The Coming Storm by Nigel McCrery

The Coming Storm by Nigel McCrery

Author:Nigel McCrery
Language: eng
Format: epub
ISBN: 9781526706973
Publisher: Pen and Sword
Published: 2017-07-30T04:00:00+00:00

Bowling averages

Grove can be seen on the first row of adults, fourth from the right wearing a white jacket.

Flight Lieutenant Frederick Gerald Hudson Chalk DFC

Oxford University, Kent, Gentlemen, MCC, England XI, Sir

P.F. Warner’s XI, Gentlemen of England

156 first-class matches

Honourable Artillery Company/124 Squadron RAF

Died 17 February 1943, aged 32

Right-handed bat

‘batted and fielded so brilliantly that he became an attractive figure whenever he played’

Gerald Chalk was born on 7 September 1910 in Sydenham. Son of Arthur and Edith Blanche Clarissa Chalk of Cooden Beach, East Sussex. He was educated at Uppingham where he was quickly in the first XI. He played against Haileybury, Repton, Rugby and Shrewsbury, as well as representing W.D. Johnson’s XI against Oakham. In 1928 he headed his school averages with 44.

Leaving Uppingham he went up to Brasenose Oxford, winning his cricket blue as a freshman in 1931. Chalk went on to make an impressive 156 first-class appearances. He made his first-class debut for Oxford University against Kent on 9 May 1931 at the University Parks. Oxford won the toss and decided to bat making 297. Chalk made 31 before being bowled by the England test cricketer Alfred Percy ‘Tich’ Freeman (Wisden cricketer of the year 1923). Freeman took eight wickets for 99 during the innings. The Oxford opener Brian William Hone made 105. In reply Kent made 486. Although three players, Ashdown, Woolley and Todd, got into the nineties, no-one managed a century. In their second innings Oxford made 280, Chalk making 59, the highest score of the innings, before being lbw to Freeman. Once again Freeman was deadly, taking five more wickets during the innings and reaching 2,450 wickets taken in first-class matches. In their second innings Kent made 92 without losing a wicket. Chalk bowled four overs for 19 runs and failed to take a wicket. Kent won by ten wickets.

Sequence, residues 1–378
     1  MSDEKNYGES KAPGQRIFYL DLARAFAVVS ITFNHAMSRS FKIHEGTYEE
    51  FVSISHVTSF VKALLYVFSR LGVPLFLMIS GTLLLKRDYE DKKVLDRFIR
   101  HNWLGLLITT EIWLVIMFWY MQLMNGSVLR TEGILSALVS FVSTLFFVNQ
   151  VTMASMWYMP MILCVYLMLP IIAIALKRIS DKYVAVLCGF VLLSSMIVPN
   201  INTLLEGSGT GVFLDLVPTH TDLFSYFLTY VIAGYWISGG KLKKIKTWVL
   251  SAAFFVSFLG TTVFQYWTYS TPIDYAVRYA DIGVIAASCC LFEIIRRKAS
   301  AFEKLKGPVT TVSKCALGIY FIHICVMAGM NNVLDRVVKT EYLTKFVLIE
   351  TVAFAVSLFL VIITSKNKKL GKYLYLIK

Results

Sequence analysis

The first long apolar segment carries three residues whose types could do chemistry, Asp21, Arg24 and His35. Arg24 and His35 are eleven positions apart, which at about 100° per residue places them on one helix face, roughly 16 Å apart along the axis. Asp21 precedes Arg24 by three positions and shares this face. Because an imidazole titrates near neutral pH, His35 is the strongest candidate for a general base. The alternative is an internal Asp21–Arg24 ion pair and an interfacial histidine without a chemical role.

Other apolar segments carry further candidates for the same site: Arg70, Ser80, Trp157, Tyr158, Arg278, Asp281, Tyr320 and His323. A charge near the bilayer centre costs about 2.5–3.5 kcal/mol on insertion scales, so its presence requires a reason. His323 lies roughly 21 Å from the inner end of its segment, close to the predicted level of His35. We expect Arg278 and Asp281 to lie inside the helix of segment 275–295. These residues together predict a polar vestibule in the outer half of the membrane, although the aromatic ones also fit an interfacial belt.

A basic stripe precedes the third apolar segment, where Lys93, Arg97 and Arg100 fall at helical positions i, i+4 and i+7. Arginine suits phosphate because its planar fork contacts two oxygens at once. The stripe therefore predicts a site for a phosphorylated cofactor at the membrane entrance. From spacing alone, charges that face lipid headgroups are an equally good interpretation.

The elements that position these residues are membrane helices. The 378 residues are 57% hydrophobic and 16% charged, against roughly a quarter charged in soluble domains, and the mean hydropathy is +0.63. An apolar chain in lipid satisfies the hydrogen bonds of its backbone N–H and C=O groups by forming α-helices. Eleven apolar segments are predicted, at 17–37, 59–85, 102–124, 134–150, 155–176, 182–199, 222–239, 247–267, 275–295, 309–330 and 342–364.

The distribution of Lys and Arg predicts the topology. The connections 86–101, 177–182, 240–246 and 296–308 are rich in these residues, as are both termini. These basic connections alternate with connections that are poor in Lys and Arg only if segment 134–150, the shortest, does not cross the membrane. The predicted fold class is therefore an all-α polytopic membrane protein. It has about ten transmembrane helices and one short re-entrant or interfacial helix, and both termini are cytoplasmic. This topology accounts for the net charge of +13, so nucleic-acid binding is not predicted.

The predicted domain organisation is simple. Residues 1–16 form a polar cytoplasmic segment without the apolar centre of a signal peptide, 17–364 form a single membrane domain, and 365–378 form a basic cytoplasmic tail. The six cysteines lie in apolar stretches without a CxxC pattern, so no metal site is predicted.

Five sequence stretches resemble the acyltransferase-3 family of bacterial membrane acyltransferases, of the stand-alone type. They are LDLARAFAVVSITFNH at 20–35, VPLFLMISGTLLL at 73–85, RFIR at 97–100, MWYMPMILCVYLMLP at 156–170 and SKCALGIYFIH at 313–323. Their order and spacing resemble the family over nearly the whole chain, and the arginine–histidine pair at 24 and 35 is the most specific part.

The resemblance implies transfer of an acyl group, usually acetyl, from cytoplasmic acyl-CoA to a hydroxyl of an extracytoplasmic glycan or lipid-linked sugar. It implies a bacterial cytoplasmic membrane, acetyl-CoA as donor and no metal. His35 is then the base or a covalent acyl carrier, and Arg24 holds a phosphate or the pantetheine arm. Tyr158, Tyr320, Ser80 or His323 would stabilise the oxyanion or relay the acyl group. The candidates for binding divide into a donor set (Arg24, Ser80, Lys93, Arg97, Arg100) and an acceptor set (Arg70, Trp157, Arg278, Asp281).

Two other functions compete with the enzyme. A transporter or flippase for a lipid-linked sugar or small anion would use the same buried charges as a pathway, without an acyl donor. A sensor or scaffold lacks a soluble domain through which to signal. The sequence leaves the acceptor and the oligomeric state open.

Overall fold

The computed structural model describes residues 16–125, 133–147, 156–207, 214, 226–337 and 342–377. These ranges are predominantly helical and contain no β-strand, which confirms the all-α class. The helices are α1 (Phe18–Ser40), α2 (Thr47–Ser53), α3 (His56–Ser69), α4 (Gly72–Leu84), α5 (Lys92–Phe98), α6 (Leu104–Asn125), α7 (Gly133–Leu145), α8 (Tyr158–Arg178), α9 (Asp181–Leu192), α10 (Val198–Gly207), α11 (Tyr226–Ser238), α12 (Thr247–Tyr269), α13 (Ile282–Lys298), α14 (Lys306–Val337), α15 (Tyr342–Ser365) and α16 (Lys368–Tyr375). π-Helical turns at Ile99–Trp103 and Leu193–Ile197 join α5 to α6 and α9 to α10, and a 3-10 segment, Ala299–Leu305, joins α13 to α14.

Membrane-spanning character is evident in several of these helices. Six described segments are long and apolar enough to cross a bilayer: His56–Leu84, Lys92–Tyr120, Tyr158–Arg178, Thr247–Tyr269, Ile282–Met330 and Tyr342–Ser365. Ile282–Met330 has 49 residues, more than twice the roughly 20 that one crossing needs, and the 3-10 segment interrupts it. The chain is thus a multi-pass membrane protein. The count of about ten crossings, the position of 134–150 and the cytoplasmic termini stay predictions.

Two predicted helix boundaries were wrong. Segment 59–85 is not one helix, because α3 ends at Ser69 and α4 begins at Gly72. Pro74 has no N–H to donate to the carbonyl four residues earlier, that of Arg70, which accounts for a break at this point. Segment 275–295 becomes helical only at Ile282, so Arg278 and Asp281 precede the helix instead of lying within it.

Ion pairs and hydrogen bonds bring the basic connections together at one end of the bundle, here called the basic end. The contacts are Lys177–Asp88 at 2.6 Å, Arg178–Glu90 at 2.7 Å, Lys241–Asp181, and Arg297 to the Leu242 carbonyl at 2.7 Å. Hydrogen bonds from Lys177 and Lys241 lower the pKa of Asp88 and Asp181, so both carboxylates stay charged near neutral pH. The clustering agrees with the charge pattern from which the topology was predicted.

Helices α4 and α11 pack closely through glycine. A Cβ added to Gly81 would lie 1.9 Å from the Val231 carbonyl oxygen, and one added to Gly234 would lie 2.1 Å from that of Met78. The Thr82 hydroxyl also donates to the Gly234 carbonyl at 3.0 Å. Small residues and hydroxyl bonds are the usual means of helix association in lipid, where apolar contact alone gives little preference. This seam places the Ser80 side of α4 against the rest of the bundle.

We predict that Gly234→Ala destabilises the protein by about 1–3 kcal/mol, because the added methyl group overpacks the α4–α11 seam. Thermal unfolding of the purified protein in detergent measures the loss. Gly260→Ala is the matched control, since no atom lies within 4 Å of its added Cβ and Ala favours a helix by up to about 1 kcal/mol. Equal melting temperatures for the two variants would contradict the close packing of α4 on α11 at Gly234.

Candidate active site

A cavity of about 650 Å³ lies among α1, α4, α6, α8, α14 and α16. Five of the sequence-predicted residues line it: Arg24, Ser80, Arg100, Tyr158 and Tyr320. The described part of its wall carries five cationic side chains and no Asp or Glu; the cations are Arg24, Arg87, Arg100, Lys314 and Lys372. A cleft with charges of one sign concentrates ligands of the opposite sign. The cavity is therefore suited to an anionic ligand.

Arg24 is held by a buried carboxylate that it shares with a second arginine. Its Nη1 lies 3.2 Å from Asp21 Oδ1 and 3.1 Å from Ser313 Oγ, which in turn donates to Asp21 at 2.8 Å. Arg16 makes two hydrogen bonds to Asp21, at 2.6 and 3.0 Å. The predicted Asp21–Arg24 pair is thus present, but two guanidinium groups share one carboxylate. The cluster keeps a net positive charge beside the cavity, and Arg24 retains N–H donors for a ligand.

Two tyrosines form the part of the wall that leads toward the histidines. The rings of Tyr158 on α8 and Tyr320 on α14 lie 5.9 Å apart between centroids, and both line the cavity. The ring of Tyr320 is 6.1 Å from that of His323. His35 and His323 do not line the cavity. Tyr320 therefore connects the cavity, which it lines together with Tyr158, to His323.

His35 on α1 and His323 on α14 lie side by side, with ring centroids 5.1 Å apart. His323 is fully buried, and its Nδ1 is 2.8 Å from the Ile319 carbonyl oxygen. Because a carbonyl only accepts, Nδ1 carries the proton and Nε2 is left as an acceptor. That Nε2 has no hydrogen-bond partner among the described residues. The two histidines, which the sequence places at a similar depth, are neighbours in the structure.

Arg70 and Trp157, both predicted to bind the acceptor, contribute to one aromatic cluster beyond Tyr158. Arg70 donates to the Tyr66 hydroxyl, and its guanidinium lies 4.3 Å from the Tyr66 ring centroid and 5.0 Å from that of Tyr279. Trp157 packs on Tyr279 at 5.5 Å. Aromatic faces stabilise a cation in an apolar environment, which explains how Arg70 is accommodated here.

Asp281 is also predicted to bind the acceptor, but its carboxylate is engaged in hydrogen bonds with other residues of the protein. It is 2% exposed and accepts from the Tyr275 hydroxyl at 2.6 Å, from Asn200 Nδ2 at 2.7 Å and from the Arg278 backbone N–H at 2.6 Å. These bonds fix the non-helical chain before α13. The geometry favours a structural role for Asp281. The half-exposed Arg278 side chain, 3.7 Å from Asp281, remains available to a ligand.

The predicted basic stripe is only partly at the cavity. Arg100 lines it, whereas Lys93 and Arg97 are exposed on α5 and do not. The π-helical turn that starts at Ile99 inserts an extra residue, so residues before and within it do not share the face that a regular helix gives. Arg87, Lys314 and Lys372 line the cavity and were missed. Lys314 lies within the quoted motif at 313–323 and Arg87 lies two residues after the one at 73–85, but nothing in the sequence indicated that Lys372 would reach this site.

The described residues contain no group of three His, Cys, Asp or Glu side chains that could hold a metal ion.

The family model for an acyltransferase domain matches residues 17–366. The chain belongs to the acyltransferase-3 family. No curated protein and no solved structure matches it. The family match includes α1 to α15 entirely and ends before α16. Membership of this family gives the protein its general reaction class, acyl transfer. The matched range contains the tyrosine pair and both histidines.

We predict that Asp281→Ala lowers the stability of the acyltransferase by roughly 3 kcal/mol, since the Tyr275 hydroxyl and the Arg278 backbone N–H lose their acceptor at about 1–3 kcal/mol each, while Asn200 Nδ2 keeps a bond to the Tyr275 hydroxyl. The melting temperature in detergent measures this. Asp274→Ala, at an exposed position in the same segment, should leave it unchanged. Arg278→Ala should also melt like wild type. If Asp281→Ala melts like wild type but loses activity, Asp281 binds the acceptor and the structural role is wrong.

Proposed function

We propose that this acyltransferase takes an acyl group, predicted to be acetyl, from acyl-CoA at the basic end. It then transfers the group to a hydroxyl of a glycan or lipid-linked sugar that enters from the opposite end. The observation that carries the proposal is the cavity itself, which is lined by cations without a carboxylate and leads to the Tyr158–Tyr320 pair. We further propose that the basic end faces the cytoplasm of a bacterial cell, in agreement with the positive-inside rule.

Chalk continued to play for Oxford University until 1934, captaining the side in the same year. He made his final appearance for Oxford against Cambridge on 9 July 1934 at Lord’s. Oxford won the toss and decided to bat making 415. Chalk made a brilliant 108 before being bowled by Jack Davies, who also took five wickets for 43 during the innings. The England test cricketer David Townsend made 193. In reply Cambridge made 400, Anthony William Allen making 115. In their second innings Oxford made 182, Chalk making 12 before being caught by Allen off the bowling of James Grimshaw. In their second innings Cambridge made 94 for two. The match was drawn.

Chalk began playing for Kent in 1933. He made his debut for them against Surrey on 15 July 1933 while on holiday from Oxford at the Rectory Field, Blackheath. Kent won the toss and decided to bat making 251, the England test cricketer Alfred Gover taking six wickets for 82. In reply Surrey made 261, the England test cricketer Jack Berry Hobbs (Wisden cricketer of the year 1909 and 1926) making 101. Freeman took six wickets for 110. In their second innings Kent made 377, Chalk who opened for them only making one before being bowled by Frederick Charles Gamble.


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